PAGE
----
Relational databases like MySQL are great for structuring data, but NoSQL reverses the role of the database from dictating the structure to following it. Many NoSQL libraries hide the structure completely, so adding a new field can simply be done when you start using the database abstraction objects:

p = Person.find(123) p.is_special = true p.save

Libraries like MongoMapper in Ruby or Shanty in PHP connect to MongoDB, completely removing the need for maintaining the database’s structure in the traditional sense.

There’s a growing body of information on running NoSQL databases in the cloud including a recent whitepaper from Amazon, as well as plenty of other NoSQL systems. But what if you still don’t want to deal with the scaling problems yourself?

MongoHQ provides fully hosted MongoDB. As for every self-respecting service these days, there's a free tier called their sandbox tier that lets you launch a Mongo database. The interface allows you to create collections and manage database users and backups.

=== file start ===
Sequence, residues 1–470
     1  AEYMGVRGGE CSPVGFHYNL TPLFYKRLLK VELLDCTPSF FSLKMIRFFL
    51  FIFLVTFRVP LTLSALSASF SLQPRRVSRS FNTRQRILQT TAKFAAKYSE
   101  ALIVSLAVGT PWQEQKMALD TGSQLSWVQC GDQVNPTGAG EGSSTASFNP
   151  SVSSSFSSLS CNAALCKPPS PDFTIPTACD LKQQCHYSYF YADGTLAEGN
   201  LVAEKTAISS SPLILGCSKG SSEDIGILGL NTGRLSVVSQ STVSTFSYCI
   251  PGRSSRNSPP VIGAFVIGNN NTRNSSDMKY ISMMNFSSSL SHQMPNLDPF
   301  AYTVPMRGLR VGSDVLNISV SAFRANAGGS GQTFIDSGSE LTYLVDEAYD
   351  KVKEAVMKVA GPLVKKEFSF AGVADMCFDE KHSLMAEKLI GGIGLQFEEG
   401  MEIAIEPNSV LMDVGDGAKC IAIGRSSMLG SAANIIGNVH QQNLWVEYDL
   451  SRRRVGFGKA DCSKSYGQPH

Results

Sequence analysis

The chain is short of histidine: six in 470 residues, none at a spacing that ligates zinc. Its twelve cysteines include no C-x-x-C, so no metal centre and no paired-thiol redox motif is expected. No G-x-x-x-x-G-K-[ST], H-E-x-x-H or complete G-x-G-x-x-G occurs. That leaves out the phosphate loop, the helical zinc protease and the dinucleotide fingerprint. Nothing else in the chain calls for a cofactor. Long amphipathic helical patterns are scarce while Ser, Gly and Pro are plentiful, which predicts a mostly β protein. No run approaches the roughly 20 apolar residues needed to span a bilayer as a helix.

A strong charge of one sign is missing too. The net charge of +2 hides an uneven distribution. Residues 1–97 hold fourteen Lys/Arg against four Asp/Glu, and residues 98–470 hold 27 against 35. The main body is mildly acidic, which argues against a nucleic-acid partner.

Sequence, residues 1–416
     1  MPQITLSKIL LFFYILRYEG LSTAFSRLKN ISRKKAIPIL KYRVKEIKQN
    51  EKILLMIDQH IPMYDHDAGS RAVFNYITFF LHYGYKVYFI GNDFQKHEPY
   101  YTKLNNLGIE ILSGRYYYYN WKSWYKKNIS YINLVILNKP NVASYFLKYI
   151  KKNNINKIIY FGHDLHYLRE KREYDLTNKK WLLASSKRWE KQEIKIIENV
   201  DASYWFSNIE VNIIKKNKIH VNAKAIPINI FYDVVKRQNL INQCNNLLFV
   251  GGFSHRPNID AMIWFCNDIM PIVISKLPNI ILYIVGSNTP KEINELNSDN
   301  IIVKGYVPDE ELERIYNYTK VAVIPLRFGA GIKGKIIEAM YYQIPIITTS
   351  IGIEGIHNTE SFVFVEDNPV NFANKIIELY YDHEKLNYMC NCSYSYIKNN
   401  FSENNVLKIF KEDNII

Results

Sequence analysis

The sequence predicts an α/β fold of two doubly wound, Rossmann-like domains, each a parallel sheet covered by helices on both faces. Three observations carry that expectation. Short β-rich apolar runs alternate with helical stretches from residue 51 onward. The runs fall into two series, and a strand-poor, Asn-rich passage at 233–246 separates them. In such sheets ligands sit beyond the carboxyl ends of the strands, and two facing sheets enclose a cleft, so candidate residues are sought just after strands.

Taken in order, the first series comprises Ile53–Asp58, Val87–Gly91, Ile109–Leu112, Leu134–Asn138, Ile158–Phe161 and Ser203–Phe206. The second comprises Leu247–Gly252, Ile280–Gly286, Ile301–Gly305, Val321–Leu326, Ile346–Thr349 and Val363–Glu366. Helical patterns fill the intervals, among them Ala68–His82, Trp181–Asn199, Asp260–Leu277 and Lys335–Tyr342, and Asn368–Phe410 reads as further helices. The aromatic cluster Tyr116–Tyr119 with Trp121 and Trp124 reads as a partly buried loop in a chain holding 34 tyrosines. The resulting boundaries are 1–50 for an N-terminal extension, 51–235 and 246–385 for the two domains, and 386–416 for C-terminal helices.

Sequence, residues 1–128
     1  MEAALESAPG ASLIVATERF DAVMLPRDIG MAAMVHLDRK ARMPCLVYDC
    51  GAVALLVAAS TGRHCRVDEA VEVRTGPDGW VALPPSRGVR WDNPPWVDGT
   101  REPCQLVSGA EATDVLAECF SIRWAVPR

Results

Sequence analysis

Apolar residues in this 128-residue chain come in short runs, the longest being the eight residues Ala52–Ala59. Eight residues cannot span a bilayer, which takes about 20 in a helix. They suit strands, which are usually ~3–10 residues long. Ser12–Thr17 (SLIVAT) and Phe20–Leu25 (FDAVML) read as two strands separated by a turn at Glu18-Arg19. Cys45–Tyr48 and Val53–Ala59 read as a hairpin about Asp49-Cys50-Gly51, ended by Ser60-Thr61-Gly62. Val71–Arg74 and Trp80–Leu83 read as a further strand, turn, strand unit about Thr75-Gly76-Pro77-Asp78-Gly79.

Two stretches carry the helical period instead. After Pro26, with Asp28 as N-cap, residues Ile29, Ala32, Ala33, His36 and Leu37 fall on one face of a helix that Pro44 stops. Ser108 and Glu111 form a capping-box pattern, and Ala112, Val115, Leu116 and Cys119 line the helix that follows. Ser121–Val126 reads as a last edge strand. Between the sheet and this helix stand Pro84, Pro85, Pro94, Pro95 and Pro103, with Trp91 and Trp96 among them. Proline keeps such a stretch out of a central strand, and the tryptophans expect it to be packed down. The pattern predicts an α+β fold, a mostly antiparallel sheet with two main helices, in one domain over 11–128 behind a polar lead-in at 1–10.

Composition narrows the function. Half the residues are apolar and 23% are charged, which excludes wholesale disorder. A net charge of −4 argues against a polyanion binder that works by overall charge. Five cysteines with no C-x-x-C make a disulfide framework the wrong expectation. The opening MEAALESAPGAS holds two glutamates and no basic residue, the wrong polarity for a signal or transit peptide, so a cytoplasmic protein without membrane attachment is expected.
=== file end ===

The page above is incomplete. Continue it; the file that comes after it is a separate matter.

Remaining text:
Two options come from Amazon. SimpleDB provides a similar key-value storage, and this has been around for some time. SimpleDB scales to internet-scale number of records, so for truly massive numbers of simple key-value data, this is a good option.

The newer DynamoDB requires a little more setup than the other services I’ve been looking at because “Amazon DynamoDB ... reserves sufficient hardware resources and appropriately partitions your data over multiple servers to meet your throughput requirements.” This means you have to define your throughput requirements – that’s the work.